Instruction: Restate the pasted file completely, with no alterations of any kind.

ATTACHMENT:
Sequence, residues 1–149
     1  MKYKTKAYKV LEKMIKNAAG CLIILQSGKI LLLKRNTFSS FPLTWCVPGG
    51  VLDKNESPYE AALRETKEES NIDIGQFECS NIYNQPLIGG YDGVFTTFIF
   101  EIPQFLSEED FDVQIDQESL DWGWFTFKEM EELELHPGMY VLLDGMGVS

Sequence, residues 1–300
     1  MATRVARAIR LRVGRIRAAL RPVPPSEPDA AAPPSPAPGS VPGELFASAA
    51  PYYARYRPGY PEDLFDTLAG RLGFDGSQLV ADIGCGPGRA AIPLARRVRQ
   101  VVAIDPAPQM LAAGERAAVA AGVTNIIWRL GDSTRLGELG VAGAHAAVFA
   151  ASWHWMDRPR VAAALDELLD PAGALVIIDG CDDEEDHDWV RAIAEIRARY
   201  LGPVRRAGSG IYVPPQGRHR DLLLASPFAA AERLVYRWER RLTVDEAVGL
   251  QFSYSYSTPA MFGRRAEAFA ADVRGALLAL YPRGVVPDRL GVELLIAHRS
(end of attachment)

Sequence, residues 1–149
     1  MKYKTKAYKV LEKMIKNAAG CLIILQSGKI LLLKRNTFSS FPLTWCVPGG
    51  VLDKNESPYE AALRETKEES NIDIGQFECS NIYNQPLIGG YDGVFTTFIF
   101  EIPQFLSEED FDVQIDQESL DWGWFTFKEM EELELHPGMY VLLDGMGVS

Sequence, residues 1–300
     1  MATRVARAIR LRVGRIRAAL RPVPPSEPDA AAPPSPAPGS VPGELFASAA
    51  PYYARYRPGY PEDLFDTLAG RLGFDGSQLV ADIGCGPGRA AIPLARRVRQ
   101  VVAIDPAPQM LAAGERAAVA AGVTNIIWRL GDSTRLGELG VAGAHAAVFA
   151  ASWHWMDRPR VAAALDELLD PAGALVIIDG CDDEEDHDWV RAIAEIRARY
   201  LGPVRRAGSG IYVPPQGRHR DLLLASPFAA AERLVYRWER RLTVDEAVGL
   251  QFSYSYSTPA MFGRRAEAFA ADVRGALLAL YPRGVVPDRL GVELLIAHRS